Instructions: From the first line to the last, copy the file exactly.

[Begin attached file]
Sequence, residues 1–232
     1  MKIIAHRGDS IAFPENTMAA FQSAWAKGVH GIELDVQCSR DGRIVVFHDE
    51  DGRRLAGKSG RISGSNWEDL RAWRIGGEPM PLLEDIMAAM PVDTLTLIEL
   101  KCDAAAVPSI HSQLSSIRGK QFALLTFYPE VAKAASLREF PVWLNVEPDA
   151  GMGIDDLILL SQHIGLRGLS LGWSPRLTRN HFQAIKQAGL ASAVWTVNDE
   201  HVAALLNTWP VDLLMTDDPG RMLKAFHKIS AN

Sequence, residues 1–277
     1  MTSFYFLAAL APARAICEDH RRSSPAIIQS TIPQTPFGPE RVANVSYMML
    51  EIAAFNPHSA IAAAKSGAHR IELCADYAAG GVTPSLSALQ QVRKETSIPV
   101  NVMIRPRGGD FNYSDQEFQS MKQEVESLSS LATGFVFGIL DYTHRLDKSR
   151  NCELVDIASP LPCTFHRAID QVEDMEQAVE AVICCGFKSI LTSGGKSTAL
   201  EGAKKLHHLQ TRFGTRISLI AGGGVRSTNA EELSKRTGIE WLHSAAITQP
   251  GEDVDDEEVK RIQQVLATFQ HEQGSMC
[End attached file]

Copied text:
Sequence, residues 1–232
     1  MKIIAHRGDS IAFPENTMAA FQSAWAKGVH GIELDVQCSR DGRIVVFHDE
    51  DGRRLAGKSG RISGSNWEDL RAWRIGGEPM PLLEDIMAAM PVDTLTLIEL
   101  KCDAAAVPSI HSQLSSIRGK QFALLTFYPE VAKAASLREF PVWLNVEPDA
   151  GMGIDDLILL SQHIGLRGLS LGWSPRLTRN HFQAIKQAGL ASAVWTVNDE
   201  HVAALLNTWP VDLLMTDDPG RMLKAFHKIS AN

Sequence, residues 1–277
     1  MTSFYFLAAL APARAICEDH RRSSPAIIQS TIPQTPFGPE RVANVSYMML
    51  EIAAFNPHSA IAAAKSGAHR IELCADYAAG GVTPSLSALQ QVRKETSIPV
   101  NVMIRPRGGD FNYSDQEFQS MKQEVESLSS LATGFVFGIL DYTHRLDKSR
   151  NCELVDIASP LPCTFHRAID QVEDMEQAVE AVICCGFKSI LTSGGKSTAL
   201  EGAKKLHHLQ TRFGTRISLI AGGGVRSTNA EELSKRTGIE WLHSAAITQP
   251  GEDVDDEEVK RIQQVLATFQ HEQGSMC